1940s Sewing Patterns - And Renaissance
Christian Dior’s ground-breaking New Look silhouette featuring gorgeous full skirts and waist-cinching jackets influenced 1940s dress patterns. The New Look in the summer 1947 emphasized the bust, waist and hips reasserting female sexuality. During the war, for the average woman, formal evening dresses were abandoned due to strict austerity measures. Later in the decade 1940s evening dress patterns mostly featured a fitted bodice with the dress firmly held at the waist. The bodice was either plain or most times princess bodice which revealed the shoulders, neck, and in the case of strapless dresses, they revealed the upper chest. Regarding the back of the dresses, low backs were the trend of the decade for 1940s evening gowns! Robes were still popular choices, marketed for their comfort and warmth. While most hit the ankle, some models were available at a mid-calf length. Glamorous housecoats soared in popularity in the early 40s. Hovering at ankle-length and femininely cinched at the waist with a belt, they closely resembled gowns. 1940s coat patterns and jacket patterns screamed “masculinity” inspired by Schiaparelli’s ‘cash and carry’ line of 1939. Broad shoulders and mannish lines were the order of the day in 1940s fashion. By winter, 1943, the covered-up, short-skirted dinner dress of 1942 had become a full-fledged, decollete evening dress: short black slipper satin dresses with ribbons of satin over bare shoulders; halter tops of white satin and sequins barbarically strapping naked backs above simple short black crepe skirts. Pants became a clothing piece to count on and was often worn with blouses or defined jumpers, often knitted. The blouses had a similar style to the men’s, commonly in bright colors and sometimes with a matching blazer. 1940s swimwear covered more than it does today but was working its way to being less modest than it had the decade before. Separate two pieces were slowly gaining popularity as a precursor to the bikini and were closed with either buttons, or metal zippers at the back. In the early part of the decade women’s 40s skirt patterns hit knee-length. They were decorated with buttons and pockets. As the decade developed the overall silhouette was rather slim and long. Women looked elegant with their knee-long skirts and heels that gave a longer impression. Bridal 1940s sewing patterns can effectively be divided into two sections; wartime and post-war. Wartime rations meant that wedding dresses in the early ’40s were simple, practical, and often borrowed. After the war, gowns gradually became more detailed once again.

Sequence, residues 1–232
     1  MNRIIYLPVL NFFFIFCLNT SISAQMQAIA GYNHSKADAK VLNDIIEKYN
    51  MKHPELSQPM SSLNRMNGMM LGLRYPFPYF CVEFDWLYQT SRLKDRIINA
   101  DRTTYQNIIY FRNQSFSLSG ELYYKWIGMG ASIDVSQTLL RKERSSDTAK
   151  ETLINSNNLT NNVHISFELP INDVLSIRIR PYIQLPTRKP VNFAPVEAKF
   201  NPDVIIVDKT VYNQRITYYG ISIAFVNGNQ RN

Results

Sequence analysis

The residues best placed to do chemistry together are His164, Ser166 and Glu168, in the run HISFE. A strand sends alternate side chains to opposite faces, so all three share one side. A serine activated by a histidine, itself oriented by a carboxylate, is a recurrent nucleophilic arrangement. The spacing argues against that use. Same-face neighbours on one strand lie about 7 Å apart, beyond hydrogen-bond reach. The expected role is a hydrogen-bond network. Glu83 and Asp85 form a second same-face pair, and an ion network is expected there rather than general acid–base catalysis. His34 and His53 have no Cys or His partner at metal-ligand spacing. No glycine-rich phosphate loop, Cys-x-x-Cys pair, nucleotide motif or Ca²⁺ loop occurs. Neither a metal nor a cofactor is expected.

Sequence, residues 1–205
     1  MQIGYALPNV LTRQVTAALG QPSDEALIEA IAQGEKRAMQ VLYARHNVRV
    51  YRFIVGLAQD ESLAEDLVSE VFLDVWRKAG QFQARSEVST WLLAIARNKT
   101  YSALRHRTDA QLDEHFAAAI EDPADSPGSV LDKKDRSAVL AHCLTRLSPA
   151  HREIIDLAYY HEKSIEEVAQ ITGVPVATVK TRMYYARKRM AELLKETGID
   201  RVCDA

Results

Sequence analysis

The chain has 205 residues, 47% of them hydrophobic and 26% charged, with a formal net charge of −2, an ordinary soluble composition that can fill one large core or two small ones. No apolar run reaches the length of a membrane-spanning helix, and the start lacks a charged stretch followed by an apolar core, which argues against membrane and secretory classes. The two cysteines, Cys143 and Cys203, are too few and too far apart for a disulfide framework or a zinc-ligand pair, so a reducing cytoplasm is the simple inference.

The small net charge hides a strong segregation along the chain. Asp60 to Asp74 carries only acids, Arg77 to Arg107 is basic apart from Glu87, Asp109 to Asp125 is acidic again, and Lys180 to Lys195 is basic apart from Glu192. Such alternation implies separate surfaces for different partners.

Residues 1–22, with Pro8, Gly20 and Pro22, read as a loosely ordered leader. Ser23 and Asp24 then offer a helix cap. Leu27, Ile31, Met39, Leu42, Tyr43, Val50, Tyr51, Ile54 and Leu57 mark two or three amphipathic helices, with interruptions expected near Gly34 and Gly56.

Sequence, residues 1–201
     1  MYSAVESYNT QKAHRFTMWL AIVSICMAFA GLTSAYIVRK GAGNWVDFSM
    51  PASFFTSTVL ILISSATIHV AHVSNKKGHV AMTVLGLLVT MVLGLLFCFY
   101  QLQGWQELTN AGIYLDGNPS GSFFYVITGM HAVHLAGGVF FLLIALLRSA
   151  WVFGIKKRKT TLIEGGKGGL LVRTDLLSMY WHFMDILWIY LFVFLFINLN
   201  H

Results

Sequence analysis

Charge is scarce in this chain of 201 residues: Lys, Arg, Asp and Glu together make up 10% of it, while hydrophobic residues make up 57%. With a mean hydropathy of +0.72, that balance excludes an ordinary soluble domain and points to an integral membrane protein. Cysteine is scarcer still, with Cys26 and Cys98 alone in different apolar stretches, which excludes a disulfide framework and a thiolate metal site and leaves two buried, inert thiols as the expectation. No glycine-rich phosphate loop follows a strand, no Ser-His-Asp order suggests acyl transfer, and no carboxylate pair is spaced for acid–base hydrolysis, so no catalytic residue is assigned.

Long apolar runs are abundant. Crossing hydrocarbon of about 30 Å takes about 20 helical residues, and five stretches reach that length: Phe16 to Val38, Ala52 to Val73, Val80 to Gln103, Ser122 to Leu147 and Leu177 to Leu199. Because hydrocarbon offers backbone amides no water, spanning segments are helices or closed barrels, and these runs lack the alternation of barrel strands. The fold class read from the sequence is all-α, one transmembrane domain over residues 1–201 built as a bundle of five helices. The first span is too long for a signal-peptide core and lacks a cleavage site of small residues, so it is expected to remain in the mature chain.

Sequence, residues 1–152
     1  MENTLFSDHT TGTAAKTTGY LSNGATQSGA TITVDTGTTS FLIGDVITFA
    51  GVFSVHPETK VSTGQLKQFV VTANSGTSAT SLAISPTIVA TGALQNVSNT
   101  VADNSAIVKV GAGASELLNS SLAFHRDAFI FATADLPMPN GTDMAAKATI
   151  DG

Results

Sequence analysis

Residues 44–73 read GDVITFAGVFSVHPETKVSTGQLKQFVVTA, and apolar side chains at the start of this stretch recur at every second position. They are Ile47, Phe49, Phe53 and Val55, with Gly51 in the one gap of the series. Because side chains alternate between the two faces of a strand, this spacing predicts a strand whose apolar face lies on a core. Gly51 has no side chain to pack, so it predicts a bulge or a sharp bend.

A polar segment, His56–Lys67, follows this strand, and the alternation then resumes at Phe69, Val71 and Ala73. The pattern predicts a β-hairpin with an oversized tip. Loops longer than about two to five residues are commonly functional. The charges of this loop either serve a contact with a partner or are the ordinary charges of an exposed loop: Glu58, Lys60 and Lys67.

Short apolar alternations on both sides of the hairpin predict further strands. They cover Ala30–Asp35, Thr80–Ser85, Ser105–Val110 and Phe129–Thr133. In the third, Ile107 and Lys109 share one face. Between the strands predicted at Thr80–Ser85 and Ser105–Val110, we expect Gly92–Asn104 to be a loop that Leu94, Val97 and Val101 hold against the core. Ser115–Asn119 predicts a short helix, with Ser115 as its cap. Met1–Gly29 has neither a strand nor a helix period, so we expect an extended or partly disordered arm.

The biggest influence war time restrictions had on men was further introduction of casualness. Hawaiian shirts, for example, were worn all day, and even nights, in the summer. The collared dress shirt was worn with suits or by itself with a pair of slacks. 1940s pyjama patterns showcased matching cotton pajama sets. They consisted of straight-leg pants (or shorts) with a high elastic waistband or drawstring waist and a button down shirt. Just like ‘40s women, men always threw a robe or gown on over their pajamas to lounge around the house. Trench coats, bomber jackets, knit undershirts, pea coats, chino pants, and aviator glasses all have roots in WWII military clothing. Sports coats, too, were a newer trend that had gained popularity in the 1930s. Sport coats had wide rounded notch lapels, two very large square pockets, and 3 button closures
Our 1940's vintage sewing pattern collection is available in sizes ranging from XXS – XXL. We offer either the original pattern, a high-quality true to scale 1940s sewing pattern reproduction or a easy PDF sewing pattern to download at home. You will have Glamorous 1940s garment’s which showcases your unique sense of style.